Saturday, June 4, 2011

Former Colombian leader thinks we should decriminalize drugs . . . hmm

In the words of Mr. Mackey from South Park, “drugs are bad. Mmkay?” Long-term drug use, no matter what the drug is, leads to some pretty jacked up health issues. I know that many pot-smokers, or people who have done it, say that it’s not as bad as cigarettes, but cigarettes I don’t think actually kill your brain cells.

So when a panel of “experts,” that consist of people from Mexico and Colombia say that the “war on drugs is a massive failure and we should think about decriminalizing some drugs,” I get the urge to punch a clown.

Time Magazine seems to support this claim that “maybe it’s time to decriminalize it.” I think they might be ignoring one big fucking elephant in the room on this one.

Sure, lets legalize pot and tax it. Lord knows the Mexican and Colombian governments wouldn’t stand to gain a gigantic fucking windfall from all of this. What’s better is that they have said that police have “used repressive measures,” to stop these criminals. I’m a bit confused here . . . since when is it repressive to bust someone and throw them in jail for breaking the law?

Did cops start executing drug dealers on the spot at some point? That must be why the big cartels are carrying AK’s and brutally murdering the families of law enforcement agents: because they’re being “repressed.”

As if that wasn’t enough, they tried to paint people who support the criminalization of drugs as those whose “drug policies are dictated by ideology and political convenience.” You’re right, being an anti-drug person is completely ideological. Of course, that drugs are almost never beneficial to a normal person’s health is not based at all on science or anything. It’s all just the here-say and horseshit of puritanical, conservative ideologues right?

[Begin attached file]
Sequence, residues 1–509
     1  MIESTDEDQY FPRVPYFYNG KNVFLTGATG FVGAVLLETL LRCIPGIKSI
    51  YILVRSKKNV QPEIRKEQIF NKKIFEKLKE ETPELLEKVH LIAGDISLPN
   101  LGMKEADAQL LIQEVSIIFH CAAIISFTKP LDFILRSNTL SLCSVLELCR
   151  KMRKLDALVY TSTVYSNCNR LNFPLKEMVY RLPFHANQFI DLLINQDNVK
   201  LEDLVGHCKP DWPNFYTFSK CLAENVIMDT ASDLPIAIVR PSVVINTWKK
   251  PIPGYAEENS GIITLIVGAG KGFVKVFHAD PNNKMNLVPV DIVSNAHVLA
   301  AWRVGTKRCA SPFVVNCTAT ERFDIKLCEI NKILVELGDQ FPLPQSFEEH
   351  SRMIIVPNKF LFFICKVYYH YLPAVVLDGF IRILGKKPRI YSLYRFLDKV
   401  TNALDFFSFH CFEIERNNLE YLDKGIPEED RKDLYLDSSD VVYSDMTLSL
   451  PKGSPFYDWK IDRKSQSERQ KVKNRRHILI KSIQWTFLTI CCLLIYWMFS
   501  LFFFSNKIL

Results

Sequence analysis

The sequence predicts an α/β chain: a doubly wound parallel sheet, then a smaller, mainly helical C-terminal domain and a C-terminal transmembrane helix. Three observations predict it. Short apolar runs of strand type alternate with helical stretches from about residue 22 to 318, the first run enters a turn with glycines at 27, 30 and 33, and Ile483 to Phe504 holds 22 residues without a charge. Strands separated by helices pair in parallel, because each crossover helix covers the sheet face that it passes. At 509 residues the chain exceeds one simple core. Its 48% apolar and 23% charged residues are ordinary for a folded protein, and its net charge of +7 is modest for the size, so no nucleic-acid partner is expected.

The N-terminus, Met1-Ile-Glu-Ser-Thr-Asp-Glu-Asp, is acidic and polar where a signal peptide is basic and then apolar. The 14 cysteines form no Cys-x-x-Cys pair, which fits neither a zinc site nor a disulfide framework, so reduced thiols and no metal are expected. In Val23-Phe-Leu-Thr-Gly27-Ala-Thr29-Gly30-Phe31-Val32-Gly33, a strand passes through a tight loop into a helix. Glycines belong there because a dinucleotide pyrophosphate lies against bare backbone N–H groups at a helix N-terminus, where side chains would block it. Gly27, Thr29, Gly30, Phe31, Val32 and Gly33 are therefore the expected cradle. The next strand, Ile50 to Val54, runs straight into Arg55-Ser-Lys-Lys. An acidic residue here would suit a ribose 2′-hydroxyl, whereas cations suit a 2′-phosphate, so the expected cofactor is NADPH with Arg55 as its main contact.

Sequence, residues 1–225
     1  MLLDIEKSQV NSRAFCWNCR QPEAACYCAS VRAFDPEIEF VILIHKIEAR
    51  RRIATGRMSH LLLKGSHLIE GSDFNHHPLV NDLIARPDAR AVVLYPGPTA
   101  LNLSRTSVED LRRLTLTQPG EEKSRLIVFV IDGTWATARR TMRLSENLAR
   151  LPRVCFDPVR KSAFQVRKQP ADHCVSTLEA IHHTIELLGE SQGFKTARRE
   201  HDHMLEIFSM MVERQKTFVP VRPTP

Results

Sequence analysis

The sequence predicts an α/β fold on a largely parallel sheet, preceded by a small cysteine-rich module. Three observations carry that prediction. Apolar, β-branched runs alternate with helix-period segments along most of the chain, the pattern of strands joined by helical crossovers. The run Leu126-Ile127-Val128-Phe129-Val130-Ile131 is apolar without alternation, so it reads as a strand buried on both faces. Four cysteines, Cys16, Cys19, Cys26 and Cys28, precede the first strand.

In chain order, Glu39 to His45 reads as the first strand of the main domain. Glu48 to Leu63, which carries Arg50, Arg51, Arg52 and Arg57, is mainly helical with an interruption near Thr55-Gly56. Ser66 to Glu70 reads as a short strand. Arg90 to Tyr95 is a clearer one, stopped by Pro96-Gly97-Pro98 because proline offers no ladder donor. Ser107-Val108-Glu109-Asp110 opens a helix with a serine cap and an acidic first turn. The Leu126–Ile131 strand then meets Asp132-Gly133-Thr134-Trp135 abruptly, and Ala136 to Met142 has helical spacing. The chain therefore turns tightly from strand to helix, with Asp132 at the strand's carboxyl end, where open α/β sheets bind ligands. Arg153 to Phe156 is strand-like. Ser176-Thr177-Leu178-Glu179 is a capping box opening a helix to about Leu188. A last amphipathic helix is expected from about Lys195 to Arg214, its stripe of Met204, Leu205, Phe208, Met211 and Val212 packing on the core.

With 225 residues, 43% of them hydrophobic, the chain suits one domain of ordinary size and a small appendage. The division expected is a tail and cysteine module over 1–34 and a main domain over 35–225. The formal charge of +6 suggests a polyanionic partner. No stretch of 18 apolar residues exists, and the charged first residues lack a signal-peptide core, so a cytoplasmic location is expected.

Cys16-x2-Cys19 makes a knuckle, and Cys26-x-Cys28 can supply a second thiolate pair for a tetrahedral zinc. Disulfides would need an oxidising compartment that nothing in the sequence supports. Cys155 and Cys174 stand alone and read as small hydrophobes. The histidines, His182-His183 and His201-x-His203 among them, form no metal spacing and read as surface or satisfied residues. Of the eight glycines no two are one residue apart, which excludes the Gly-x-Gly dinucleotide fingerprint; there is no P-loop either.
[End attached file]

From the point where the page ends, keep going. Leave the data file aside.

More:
If that were true then I wouldn’t want to drown a sack of kittens right now. But that’s not the case. I knew a guy that smoked pot like it was nobody’s fucking business in high school, and after about 2 years of that he actually started forgetting words. Simple words, like “tissue,” or “soda.” At the time he fortunately had the presence of mind to realize that it was probably his drug use that contributed to that.

But whatever, science and personal experience are all lies if they don’t match up with your pocketbook right? I mean, am I crazy for making the connection that two countries which are notorious for being home to drug producers and huge cartels are now saying they want to legalize it and tax it? And am I crazy for thinking that “progressive ideology,” has absolutely nothing to fucking do with it?

A wise professor of mine always chanted the mantra of “follow the money.” Legalizing this shit would basically be akin to telling the cartels “you won.” It would set a dangerous precedent if we said “well, people keep breaking this law, so the obvious solution is to get rid of the law.”

In-fucking-sane.

2 comments:

Silverfiddle said...

Being a libertarian, I understand the argument for legalization. Unfortunately, this country is not ready to deal with the libertarian consequences, which is why I am against legalization.

A perfectly functioning dad suddenly starts snorting legalized cocaine and blows his mind out, loses his job and the house and the family is on the street.

Until we are willing to say they get no government assistance, then we can't legalize drugs. Don't implement the libertarian laws if you can't handle the libertarian consequences.

Here's another thought. So they legalize it and regulate it and tax the crap out of it, driving the price higher and higher, creating a cheap bootleg market, and we're back where we started from.

Jack Camwell said...

To be honest it's an avenue that I'm not willing to go down for those very reasons, and I believe that America will never be ready for that type of stuff.

The only mind-altering substance that I've ever consumed is alcoholo, and I generally never drink to be drunk. I'm the type of person that always likes to be in control of his mental and physical faculties, and even small amounts of drugs can hinder that control.

In my own life, I simply don't see the need for that sort of escape, and it's destroyed enough lives for me to think that drugs are generally a bad thing.

That's actually one of the sticking points for me and Libertarianism. I don't think that I could ever vote for a Libertarian that has a pro-legalization stance.